WASHINGTON – The U.S. State Department has raised the issue of persistent sexual harassment in the workplace in Japan in its annual human rights report, released Wednesday.
The U.S. report cited a first-of-its-kind survey conducted in 2016 by the Health, Labor and Welfare Ministry saying that 30 percent of women in full- and part-time jobs in the country complained of “being sexually harassed at work.” The figure stood at 35 percent among full-time workers, it added.
The U.S. report also noted the April 2018 resignation of Japan’s vice finance minister over claims he sexually harassed a female journalist.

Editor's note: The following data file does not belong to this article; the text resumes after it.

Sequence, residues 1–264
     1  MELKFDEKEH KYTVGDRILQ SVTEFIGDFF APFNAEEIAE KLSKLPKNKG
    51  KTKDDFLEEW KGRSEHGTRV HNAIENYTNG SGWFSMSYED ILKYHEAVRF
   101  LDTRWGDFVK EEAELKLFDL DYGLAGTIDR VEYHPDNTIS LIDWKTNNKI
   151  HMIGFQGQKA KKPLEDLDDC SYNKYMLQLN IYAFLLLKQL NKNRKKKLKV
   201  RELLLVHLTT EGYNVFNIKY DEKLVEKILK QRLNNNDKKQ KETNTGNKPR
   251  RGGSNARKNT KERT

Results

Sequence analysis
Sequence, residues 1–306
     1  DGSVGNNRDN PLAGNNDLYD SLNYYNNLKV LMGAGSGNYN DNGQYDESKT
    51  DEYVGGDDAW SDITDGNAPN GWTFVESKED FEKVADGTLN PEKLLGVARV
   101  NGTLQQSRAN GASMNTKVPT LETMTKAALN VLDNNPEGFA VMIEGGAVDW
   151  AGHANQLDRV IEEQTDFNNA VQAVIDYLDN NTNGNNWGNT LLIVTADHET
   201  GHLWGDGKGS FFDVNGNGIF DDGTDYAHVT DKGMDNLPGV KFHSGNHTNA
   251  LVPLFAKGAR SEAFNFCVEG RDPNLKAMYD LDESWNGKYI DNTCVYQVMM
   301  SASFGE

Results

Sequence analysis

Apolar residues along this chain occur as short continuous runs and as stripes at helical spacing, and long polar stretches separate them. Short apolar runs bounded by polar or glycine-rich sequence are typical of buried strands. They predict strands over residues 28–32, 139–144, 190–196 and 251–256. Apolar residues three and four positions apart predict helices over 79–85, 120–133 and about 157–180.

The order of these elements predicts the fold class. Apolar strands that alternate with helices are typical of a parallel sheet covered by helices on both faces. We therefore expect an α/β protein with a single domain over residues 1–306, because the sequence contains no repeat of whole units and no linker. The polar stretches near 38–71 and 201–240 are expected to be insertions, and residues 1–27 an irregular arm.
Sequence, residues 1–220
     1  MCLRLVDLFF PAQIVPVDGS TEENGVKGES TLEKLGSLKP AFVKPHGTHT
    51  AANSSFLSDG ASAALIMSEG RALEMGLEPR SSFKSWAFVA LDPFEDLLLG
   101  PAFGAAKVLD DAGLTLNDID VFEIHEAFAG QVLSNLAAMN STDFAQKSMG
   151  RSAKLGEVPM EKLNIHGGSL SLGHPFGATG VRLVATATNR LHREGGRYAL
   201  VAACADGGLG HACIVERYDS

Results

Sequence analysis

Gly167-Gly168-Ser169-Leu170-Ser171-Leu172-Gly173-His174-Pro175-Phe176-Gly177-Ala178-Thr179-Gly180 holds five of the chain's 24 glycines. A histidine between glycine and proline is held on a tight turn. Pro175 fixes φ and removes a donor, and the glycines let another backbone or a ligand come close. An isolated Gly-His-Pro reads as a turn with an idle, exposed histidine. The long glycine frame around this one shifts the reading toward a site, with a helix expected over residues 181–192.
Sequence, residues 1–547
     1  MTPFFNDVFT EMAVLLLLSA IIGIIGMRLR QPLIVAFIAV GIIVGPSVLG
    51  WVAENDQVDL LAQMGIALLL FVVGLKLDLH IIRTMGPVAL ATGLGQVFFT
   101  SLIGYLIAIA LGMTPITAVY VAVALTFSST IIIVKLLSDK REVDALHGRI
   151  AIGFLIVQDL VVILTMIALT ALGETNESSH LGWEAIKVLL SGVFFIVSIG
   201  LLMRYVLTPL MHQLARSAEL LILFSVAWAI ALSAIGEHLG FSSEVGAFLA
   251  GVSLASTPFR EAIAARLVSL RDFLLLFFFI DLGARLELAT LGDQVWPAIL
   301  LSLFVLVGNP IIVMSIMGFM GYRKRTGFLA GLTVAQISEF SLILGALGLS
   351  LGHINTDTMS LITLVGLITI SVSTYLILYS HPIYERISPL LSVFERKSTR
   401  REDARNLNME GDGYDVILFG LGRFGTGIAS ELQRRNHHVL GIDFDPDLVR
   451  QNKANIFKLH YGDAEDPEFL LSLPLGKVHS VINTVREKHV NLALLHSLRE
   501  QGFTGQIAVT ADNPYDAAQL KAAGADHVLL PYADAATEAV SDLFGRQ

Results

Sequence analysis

The Japanese government has since released a set of preventive measures, including requiring all central government officials to take mandatory training courses, the report pointed out.
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